For years we have pointed out that the Social Democratic Party of Germany—now called the “Majority Socialists’’—was not a Socialist Party. Its persistent support of the capitalist parties at elections, coupled with its advocacy of capitalist reforms, marked it off as merely a reform party similar to the Labour Party in this country, though it carried a Socialist name. And there was another important fact concerned with its growth.
The capitalist class in Germany has always been somewhat nervous of the working class there, having, as Engels points out, something to learn from the English capitalist class in this respect. This nervousness was shown in various repressive measures culminating in Bismark’s Anti-socialist laws. Repressive measures for the working-class, however, also hit the small capitalists and traders in their operations. These latter, who usually form an active part of the Liberal Party, found the main body of their organisation too timid to fight over these measures, and saw them slink behind the more determined Junker section when there were any signs of trouble ahead. Mr. Small Capitalist had to look for another organisation that was really prepared for the Liberal reforms, and it was at hand in the shape of the Social Democratic Party. Since the days of its famous “Gotha Programme", so trenchantly denounced by Marx, it had always fought for those reforms, and had even challenged Bismark’s rulings. So the small capitalists joined this organisation in large numbers till the total votes ran into millions.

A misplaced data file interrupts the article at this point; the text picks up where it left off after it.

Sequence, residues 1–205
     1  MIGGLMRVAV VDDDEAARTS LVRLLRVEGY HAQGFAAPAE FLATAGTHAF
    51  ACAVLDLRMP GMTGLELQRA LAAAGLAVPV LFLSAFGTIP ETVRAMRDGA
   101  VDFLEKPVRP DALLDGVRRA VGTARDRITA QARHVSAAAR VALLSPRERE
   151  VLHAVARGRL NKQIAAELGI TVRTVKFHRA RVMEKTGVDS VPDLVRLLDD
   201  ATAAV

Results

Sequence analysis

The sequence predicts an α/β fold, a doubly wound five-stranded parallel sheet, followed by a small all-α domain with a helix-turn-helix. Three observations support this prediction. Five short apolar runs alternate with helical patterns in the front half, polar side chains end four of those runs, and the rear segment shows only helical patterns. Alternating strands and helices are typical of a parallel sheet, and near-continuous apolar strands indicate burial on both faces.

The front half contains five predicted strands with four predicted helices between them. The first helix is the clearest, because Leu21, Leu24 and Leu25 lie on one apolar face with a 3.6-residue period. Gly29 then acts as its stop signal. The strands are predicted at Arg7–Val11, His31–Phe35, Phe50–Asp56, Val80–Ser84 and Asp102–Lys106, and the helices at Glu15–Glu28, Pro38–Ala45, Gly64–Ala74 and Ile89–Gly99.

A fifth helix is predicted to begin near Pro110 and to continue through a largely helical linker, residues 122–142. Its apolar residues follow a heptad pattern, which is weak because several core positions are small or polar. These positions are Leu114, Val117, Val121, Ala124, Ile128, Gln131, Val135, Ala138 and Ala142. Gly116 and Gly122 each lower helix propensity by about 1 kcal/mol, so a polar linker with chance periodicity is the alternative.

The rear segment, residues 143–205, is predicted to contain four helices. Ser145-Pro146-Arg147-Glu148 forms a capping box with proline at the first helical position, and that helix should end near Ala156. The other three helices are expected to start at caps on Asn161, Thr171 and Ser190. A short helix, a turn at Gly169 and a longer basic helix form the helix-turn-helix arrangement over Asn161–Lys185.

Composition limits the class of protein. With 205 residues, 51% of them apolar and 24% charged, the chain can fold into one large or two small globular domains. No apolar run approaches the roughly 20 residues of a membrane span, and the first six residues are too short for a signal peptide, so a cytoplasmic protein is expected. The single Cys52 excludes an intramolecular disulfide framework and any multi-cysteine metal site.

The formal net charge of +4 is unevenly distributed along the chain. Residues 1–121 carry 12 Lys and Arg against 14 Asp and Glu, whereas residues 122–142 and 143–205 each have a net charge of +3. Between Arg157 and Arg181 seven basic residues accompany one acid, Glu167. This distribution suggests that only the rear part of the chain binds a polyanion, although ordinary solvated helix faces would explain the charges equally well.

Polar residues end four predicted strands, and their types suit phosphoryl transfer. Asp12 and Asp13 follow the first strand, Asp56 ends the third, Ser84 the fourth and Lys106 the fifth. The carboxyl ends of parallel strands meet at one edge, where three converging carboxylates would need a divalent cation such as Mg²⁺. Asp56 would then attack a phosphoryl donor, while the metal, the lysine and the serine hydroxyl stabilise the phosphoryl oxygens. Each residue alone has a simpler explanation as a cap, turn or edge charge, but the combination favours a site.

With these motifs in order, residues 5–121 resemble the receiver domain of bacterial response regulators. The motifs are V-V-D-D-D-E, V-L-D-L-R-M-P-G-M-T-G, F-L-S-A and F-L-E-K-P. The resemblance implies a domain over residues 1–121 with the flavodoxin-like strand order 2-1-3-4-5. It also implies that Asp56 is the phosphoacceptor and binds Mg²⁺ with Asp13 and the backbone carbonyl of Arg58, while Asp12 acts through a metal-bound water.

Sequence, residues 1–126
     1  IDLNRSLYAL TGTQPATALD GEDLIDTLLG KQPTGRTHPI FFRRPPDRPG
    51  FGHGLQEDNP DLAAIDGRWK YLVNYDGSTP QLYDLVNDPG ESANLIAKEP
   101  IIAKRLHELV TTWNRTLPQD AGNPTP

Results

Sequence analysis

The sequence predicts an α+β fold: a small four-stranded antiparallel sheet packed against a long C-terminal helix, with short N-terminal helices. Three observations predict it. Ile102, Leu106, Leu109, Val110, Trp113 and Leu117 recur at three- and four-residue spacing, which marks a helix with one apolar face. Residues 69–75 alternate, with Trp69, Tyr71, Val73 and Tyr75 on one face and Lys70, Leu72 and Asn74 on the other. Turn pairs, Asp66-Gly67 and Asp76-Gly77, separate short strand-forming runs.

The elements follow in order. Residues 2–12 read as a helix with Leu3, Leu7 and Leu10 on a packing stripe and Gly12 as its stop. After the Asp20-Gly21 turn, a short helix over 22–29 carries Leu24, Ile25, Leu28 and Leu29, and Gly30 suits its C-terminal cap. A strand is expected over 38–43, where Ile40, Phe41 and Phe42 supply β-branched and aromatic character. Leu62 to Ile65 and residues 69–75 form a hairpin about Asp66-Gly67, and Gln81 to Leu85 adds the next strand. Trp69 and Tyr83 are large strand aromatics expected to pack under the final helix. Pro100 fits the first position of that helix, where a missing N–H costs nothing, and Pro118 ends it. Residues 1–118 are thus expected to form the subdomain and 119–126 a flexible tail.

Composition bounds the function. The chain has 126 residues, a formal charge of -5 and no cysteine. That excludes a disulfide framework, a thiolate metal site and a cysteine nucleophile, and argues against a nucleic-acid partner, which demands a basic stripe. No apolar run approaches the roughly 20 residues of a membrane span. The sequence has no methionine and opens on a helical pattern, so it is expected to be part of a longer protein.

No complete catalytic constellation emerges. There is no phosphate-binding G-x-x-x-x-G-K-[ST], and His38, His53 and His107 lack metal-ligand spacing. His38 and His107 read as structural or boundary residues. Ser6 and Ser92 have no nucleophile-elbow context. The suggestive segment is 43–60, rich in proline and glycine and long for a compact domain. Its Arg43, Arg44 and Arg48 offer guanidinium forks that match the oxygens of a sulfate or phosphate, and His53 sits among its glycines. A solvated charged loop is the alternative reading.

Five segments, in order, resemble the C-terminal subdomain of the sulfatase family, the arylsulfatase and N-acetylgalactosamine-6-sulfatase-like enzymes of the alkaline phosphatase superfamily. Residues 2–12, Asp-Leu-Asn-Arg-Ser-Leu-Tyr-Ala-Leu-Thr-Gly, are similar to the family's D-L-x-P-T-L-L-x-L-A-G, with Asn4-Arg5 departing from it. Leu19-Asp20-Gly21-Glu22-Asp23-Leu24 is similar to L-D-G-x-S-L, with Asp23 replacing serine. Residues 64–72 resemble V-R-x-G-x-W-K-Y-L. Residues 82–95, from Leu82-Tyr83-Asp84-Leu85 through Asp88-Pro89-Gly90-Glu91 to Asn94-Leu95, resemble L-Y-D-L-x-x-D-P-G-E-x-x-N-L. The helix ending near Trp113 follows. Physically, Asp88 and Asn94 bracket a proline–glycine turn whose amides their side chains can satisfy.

It is as clear as noon-day that those votes were neither Socialist nor intended to help forward the cause of Socialism. The "acid test" came with the war. Then, as with the Labour Party and the Hyndman section here, the German Social Democratic Party supported this capitalist war on their side.
(From an article by Jack Fitzgerald on the German Elections, Socialist Standard February 1919).